A bit more than a decade ago, I took on my first full-time higher-ed teaching job in the US. I had taught as an adjunct at a number of different schools over the years and I thought this would be a real step up.
It was not.
Though I liked my new colleagues quite a bit, I was not a member of the club. After all, I was only a contingent hire, someone who would soon be gone. Though invited to department meetings, I was not expected to contribute to the running of the department, to course development, to anything other than what went on in my classroom. In these respects, what I was, essentially, was the adjunct I’d always been—but with a better office.
Still, I was not an adjunct. My pay was better, as were my benefits. There were other differences. Unlike an adjunct, for one thing, I could not expect to stay beyond two or three years. Yet, as a contingent hire I was no more of an academic professional—in the eyes of the institution—than was an adjunct.
My experience was not unique. In fact, there really is little difference between the way contingent hires and adjuncts are treated at most colleges and universities. Neither is considered an important part of the professoriate by any college administration; neither is brought into the little bit of shared governance that remains today. So little is the difference between them, in this regard, that the two groups have discovered a natural affinity and common cause. Today, as a result, we rarely refer to the one group without the other.
Most of us, that is.
In a blog post yesterday, Phillip Magness, a historian and Academic Program Director, Institute of Humane Studies, George Mason University—a post with the rather disingenuous and misleading heading “The Myth of the 76% Adjunct Majority”—claimed that, “Thanks to poor and even reckless reporting, the term ‘contingent faculty’ is often used interchangeably with claims about adjuncts.”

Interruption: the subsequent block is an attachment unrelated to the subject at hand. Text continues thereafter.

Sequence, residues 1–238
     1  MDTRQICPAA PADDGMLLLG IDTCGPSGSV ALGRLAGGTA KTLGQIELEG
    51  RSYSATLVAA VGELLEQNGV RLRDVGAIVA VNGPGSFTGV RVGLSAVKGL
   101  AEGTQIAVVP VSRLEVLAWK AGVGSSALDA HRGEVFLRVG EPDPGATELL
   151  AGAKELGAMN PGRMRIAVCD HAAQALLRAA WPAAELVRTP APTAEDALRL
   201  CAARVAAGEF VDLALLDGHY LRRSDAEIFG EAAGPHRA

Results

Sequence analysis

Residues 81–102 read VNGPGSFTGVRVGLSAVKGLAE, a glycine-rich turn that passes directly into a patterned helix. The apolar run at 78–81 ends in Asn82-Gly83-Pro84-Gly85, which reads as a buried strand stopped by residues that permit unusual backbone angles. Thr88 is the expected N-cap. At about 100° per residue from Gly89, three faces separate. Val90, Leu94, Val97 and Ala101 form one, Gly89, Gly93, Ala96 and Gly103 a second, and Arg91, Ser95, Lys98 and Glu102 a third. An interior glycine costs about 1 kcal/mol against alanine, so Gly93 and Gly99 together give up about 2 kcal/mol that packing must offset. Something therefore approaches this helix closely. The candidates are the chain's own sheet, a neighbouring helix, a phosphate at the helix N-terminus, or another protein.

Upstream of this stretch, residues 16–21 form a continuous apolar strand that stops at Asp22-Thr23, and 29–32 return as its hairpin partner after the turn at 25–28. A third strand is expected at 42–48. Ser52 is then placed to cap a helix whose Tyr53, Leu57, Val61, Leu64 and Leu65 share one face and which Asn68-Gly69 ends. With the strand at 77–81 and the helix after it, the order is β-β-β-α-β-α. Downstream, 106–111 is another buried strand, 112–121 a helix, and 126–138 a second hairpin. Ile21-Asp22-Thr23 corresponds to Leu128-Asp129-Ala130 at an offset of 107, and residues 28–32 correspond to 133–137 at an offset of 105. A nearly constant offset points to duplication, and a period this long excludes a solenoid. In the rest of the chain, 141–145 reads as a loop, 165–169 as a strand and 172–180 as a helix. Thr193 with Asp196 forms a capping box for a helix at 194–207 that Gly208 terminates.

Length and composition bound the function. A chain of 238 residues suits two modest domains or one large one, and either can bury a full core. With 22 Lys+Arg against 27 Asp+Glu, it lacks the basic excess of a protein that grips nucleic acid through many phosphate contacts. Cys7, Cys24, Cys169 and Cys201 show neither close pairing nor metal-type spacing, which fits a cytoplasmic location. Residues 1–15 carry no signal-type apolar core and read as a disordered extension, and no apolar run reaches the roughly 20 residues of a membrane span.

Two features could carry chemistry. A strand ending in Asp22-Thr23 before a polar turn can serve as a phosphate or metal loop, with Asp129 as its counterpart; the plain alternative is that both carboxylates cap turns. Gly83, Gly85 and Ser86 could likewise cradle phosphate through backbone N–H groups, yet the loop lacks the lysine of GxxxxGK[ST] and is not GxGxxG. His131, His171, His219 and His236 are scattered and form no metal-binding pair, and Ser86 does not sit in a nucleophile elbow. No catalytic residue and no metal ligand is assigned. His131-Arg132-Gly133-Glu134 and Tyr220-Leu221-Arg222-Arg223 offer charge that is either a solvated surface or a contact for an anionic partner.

No one argues that three-fourths of all faculty are adjuncts–which is why I find Magness’s title somewhat dishonest. It is adjuncts and contingent hires together.
Magness is mistaking the affinity I mention for identity. Furthermore, the assumption behind his statement is that contingent hires have more in common with tenured/tenure-track than with adjuncts. And that is just not true.
I have never seen the interchangeability of terms that Magness claims to see used anywhere. And I doubt anyone involved with adjunct/contingent advocacy would ever use it. The two groups are placed together not because they are identical but because they face many of the same problems within the institutional structures of American higher education. Many of these are ones I have faced in both situations: outsider status, the sense of being temporary, reduced access to institutional resources, lack of due process is retention—hell, lack of academic freedom. Together, adjuncts and contingent hires become a faculty without the rights and privileges tenured and tenure-track faculty have—rights and privileges that all faculty should have. The adjunct/contingent model is that many of the for-profit colleges and universities are built on, but it is not a good one, not for any faculty or any student. That it is becoming the norm should scare all of us. We should not try to brush it off by dividing the model in two, as Magness does.
Magness finishes his post with this:
In short, relax. Traditional 4-year degree higher ed isn’t descending into an adjunct death spiral where three quarters of the faculty are also part time replacements for formerly full time positions. If you take out the For-Profits and community colleges, the adjunct totals are a comparatively tame rate of only about a third of the faculty. And that rate, I submit, is both a reasonable expectation and a beneficial one as it reflects on the use of adjuncts to augment and supplement classroom offerings that are still very much situated amongst a full time faculty core.
My fellow Academe blogger Martin Kich points out that there are many more problems than the attempt to divide contingent and adjunct faculty with Magness’s thinking leading up to his conclusion. In an email, he tells me: